Join Bert Monroy for an in-depth discussion in this video Creating a 3D object with an inset space, part of The Making of Times Square: The Techniques.
Signs take on all kinds of different forms. It could be just billboards or neon signs or screens that are constantly showing a moving animation. Sometimes they are just some kind of an object, like for instance right here. I am going to come over here to this corner store at the far end of the painting and zoom in on this S right here, and we see that it is just as big piece of metal shaped into a letter S, with a little inside area, and so on. This is what we are going to create here is this 3D S. So I have a new file here, and here I am going to use a regular font.
I've chosen Futura Condensed 500 points, and I am going to just type in the letter S right there. CAP S. That's good. So now it is straight on and I'm not really going to work with this S. It is the basic shape that I want, but what I am going to do is to I am going to take this type right here. There is the type, I got it selected. So what I am going to do is I am going to come over here and say, Layer > Type > Create Work Path, and that's going to give me a path, which we will see right here in our Paths.
There is our Work Path, which I am going to go ahead save it by giving it a name, and we will call it the letter S. So there is our font. So what I am going to do is go over to my Layers and throw it out of way. We don't need that anymore because we are going to create it all based on this path here. Now it is straight on, and we are down a street and we are looking up at the sign which is above the entrance. So what I am going to do is I am going to distort this path, so it has that look of 3D. Now if you have a perspective grid, then you should use that at that point, but I am just going to do it pretty much by eye.
I am going to choose Distort, and I am going to kind of bend this guy up like this and then bend down like that. So now we are kind of looking up at this big giant S up above us. It's going to be a three-dimensional S. So what I am going to do is I am going to copy the path and just move it straight over like that. So now I have got this side of the S right there. So now I am going to have to go in there and create certain parts which are somewhat lost, like right here.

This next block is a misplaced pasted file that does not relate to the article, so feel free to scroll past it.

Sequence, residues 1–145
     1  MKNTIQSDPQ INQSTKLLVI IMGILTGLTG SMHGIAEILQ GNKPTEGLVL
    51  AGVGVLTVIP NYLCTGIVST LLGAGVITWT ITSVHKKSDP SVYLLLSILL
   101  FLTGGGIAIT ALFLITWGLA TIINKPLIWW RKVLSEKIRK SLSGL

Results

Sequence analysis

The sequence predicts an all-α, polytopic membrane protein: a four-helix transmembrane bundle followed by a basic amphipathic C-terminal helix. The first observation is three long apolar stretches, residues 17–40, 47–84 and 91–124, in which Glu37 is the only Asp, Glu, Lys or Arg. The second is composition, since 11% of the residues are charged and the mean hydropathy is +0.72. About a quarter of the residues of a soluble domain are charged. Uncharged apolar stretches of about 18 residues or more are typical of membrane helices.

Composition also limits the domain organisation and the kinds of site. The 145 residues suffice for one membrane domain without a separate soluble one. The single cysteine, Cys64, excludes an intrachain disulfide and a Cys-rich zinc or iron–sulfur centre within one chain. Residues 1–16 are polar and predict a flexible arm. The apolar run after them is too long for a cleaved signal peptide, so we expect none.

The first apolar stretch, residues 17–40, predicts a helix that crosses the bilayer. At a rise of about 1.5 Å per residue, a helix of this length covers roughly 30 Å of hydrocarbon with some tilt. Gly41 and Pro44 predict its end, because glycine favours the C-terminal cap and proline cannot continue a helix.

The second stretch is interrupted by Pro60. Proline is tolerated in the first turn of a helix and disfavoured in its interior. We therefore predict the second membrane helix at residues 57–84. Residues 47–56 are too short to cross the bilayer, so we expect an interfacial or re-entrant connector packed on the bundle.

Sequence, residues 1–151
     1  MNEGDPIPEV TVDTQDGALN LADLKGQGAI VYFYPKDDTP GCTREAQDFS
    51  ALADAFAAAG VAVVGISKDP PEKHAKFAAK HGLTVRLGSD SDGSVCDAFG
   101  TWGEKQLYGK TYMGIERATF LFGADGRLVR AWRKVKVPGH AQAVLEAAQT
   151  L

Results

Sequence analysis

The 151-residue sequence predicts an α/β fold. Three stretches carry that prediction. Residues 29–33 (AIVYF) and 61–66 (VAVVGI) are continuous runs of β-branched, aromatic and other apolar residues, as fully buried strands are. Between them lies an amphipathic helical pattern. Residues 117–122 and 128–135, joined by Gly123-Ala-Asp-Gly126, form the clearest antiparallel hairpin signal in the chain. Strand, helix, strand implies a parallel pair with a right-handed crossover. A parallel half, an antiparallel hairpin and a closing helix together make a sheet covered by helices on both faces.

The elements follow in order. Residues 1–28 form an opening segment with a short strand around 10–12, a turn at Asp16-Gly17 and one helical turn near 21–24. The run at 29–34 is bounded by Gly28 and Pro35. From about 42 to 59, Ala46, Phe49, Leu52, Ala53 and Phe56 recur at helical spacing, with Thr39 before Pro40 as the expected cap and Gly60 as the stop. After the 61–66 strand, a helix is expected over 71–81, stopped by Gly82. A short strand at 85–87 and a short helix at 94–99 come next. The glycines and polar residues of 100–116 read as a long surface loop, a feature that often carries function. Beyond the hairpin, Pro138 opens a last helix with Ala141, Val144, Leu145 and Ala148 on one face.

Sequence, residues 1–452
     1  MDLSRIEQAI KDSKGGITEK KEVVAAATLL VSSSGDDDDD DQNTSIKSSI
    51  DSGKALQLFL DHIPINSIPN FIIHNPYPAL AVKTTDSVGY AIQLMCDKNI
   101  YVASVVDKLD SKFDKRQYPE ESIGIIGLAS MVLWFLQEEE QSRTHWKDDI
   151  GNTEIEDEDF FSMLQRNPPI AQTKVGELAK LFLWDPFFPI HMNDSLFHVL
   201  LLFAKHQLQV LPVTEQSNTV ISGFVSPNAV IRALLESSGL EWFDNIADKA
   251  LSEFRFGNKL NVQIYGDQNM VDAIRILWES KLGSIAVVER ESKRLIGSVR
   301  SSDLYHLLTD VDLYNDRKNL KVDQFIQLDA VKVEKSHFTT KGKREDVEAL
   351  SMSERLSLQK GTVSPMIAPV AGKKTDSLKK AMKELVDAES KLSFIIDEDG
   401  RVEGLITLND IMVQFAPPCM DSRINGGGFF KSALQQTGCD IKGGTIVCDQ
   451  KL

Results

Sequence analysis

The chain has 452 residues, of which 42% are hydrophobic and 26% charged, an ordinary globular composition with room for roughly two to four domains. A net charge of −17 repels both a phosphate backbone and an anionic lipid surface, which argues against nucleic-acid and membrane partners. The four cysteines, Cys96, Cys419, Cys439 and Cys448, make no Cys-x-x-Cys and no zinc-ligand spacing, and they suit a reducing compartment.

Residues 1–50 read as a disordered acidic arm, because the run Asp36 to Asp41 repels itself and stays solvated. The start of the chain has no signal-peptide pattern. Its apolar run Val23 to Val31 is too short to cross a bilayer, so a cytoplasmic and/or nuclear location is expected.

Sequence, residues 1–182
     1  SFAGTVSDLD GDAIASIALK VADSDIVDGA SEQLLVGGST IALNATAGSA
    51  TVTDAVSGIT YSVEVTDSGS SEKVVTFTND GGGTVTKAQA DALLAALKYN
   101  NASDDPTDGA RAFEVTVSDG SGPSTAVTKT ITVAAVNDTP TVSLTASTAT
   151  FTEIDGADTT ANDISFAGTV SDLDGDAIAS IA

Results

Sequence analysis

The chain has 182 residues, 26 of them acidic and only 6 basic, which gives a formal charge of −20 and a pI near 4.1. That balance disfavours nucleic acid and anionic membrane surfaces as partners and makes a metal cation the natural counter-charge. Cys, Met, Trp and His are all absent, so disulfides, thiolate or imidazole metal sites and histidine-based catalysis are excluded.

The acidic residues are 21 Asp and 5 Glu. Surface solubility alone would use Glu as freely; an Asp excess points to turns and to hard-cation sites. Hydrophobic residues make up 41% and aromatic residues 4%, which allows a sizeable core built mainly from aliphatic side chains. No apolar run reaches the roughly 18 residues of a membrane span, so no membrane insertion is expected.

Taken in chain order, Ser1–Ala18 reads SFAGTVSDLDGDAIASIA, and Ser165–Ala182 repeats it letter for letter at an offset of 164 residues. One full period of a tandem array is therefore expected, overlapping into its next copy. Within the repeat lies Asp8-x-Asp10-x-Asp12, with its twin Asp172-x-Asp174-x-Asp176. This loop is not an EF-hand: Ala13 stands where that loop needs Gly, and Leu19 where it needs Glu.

See how it's breaking up there? So let's zoom in on that little area right there, and what I am going to do is I am simply going to take, with my Direct Selection tool, I am going to take this last point and drag it right up to that edge and kind of open it up a little. There we go, so now it is just meeting right at the edge. And if it's not quite right, it won't be perfect, so we have to go in there and make sure we match it right up to that point right there. Now, we can pull back and see how that looks. Let's just pull back, and that bottom looks fairly good, though it doesn't have enough of a curve, so we will just go and bring this out just a little bit.
There we have a nice match. Now up here, it is a little different, because this is a hard edge right here. So what we need to do is to create that little shape as a separate path. So I am going to go in there, and let's get real close. So we don't mess it up at all, we are going to click from this point right there down to this point, come up here and click, and close. Now I want a little overlap here, so I am just going to go a little beyond and come back. That way, it just leads into that area and I will get a neat space that it is showing up.
So let's go over here and make sure that these corners match up perfectly just get it right in there and let's come down here and that corner, let's bring it down right in there like that, so it is looking good. All right, so we have all the paths we need to now create our letter, so here is what we are going to do. We are going to start to colorize this. Now the first thing I am going to do is I am going to take the basic path right here, which is my S, and I am going to fill it with a gray color. Go in there and fill with a nice kind of mid-gray like that in a layer. And I am actually going to call this 'frame edge' and go ahead and fill that path.